Northern Rosella - Habitat Subspecies Breeding Diet Destribution

Northern Rosella


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Identification

Northern Rosella 28 cm; mean 85 g. Bill whitish; head 

Northern Rosella

Northern Rosella

 

black except for off-white lower cheek and chin; underparts 

parrot Northern Rosella

Northern Rosella

 

, lower back and rump  pale yellow lightly edged black, giving weak scaled effect; vent 

Northern Rosella parrots

Northern Rosella

 

red; nape, mantle, and scapulars black with broad pale yellow edges, giving strong scaled effect; lesser wing-coverts black, median coverts 

parrots Northern Rosella

Northern Rosella

 

blue-grey, remaining wing-coverts black-edged yellow (inner) and blue-grey (outer  ), primaries black; tail bronze-green centrally, outer feathers dark blue shading paler to white tips. Female similar. 

Northern Rosella parrot

Northern Rosella

 

 

Immature duller and duskier, with scattered red in head, less red on vent.

Systematics History

Editor’s Note: This article requires further editing work to merge existing content into the appropriate Subspecies sections. Please bear with us while this update takes place.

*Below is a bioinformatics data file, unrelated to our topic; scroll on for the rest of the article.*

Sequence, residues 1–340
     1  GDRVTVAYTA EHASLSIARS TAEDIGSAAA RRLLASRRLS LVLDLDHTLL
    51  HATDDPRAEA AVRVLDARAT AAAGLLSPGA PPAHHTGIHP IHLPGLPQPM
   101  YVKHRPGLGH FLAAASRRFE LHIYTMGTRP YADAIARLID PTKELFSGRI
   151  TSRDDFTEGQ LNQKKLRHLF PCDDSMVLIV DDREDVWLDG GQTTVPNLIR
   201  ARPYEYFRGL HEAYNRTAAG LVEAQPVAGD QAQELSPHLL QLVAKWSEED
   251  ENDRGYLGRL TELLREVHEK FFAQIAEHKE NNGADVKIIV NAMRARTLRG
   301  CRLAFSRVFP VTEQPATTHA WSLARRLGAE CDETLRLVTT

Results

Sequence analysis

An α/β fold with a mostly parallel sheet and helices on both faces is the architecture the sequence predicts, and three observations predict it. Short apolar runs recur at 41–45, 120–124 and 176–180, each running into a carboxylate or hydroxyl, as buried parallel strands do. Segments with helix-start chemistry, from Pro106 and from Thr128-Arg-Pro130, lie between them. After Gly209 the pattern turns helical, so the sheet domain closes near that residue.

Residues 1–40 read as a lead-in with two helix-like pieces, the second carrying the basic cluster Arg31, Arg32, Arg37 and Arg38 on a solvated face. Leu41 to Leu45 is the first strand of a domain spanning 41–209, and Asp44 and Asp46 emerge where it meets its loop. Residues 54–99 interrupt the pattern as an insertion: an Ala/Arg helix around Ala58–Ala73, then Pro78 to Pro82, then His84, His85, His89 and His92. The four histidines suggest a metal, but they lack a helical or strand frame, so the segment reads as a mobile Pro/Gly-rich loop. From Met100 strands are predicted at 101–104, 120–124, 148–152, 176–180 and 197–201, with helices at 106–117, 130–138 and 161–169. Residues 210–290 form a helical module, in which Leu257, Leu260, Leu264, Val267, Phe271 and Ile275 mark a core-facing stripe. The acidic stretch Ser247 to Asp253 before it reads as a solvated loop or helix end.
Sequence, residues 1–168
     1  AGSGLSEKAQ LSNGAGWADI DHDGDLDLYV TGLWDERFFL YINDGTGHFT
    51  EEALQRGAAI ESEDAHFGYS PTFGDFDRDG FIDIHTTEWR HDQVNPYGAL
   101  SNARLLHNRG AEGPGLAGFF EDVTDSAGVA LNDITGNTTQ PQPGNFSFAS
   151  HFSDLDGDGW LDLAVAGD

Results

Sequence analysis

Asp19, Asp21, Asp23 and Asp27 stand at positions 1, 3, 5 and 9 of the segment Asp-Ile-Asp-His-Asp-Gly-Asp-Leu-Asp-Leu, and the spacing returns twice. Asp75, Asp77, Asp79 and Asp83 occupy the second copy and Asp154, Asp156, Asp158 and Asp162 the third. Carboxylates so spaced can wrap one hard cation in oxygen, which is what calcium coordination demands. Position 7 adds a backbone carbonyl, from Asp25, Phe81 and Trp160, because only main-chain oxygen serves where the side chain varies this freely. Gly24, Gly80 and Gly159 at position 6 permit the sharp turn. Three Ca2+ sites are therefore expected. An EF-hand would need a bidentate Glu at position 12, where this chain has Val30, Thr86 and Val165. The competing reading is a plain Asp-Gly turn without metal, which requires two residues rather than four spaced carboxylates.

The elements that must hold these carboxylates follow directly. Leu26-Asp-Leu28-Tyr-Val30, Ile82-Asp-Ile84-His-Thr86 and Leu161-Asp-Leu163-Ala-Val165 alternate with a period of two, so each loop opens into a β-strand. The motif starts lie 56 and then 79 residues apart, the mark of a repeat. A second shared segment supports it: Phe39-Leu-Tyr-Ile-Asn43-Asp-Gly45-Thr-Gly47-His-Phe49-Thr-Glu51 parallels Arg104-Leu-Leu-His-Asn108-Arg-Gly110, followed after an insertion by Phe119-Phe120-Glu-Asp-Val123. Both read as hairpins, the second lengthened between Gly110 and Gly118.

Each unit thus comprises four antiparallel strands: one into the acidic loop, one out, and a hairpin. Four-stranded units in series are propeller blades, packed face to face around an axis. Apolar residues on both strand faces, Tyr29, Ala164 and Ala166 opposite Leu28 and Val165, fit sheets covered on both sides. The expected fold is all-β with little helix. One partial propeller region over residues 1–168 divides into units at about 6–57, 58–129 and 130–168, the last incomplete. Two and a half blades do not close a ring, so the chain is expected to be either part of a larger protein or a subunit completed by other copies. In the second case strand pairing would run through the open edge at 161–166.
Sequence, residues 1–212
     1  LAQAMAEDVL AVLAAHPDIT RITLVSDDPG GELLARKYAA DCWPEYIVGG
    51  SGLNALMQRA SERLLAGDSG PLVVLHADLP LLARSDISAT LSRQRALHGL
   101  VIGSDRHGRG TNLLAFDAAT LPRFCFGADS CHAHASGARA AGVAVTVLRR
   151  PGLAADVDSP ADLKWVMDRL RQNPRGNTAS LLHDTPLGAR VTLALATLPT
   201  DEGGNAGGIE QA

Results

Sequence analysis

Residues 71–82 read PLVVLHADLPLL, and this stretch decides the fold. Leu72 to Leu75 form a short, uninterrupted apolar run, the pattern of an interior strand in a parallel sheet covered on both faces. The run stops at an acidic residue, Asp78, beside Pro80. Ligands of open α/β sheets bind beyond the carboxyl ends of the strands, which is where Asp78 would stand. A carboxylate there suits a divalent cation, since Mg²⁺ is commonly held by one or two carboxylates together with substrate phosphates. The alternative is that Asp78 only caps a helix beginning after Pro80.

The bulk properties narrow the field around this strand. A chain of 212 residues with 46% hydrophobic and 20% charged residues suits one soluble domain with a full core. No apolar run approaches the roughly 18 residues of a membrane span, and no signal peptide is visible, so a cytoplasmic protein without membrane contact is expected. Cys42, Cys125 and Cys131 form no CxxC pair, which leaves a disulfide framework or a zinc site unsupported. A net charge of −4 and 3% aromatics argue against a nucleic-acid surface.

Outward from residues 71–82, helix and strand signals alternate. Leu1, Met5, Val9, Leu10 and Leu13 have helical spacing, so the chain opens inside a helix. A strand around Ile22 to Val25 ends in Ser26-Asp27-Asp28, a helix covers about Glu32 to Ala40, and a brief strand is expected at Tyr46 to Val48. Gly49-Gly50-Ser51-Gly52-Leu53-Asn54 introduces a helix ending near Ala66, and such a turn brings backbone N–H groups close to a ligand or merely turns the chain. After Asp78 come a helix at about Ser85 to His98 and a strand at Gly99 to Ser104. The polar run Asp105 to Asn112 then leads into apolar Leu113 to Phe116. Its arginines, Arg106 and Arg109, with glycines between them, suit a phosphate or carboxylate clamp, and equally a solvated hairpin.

Forms a species-group with P. ascites and P. eximius, and sometimes considered conspecific with both. Two subspecies were recognized.

Subspecies

Monotypic.

Distribution

N Australia and offshore islands from Barkly Tableland to King Sound.

Habitat

Eucalyptus and Melaleuca woodland in hilly country where access to water greater, plateau woodlands including those dominated by Callitris intertropical, occasionally visiting mangroves, parks, and gardens.

Movement

Probably mainly sedentary, although in dry season birds retreat to vicinity of watercourses.

Diet and Foraging

Seeds of eucalypts, Melaleuca and Acacia, also C. intertropical; grass seeds and nectar also recorded. Birds in coastal woods sometimes feed on shorelines and creek banks.

Sounds and Vocal Behavior

The commonest call is a loud doubled or tripled “kwe-kweep!” or “kwe-kwee!-kwup” heard in flight. When perched, also a fast series of pure whistles, “wee-wee-wee-wee-wee” and squabbling phrases with a similar tonal quality to the flight call.

Breeding

Jun–Sept, sometimes earlier. Nest in a hollow limb or hole in a tree, usually a eucalypt near water. Eggs 2–4; incubation lasts c. 19 days; nestling period c. 7 weeks.

Conservation Status

Not globally threatened. CITES II. Considered to be relatively uncommon overall, and only locally common. Evidence of former abundance is disputed, so not clear if any decline has actually occurred since the mid-19th century, and in any case, no clear cause discernible; possibly this species has always been limited by habitat, especially the availability of dry-season refuges.


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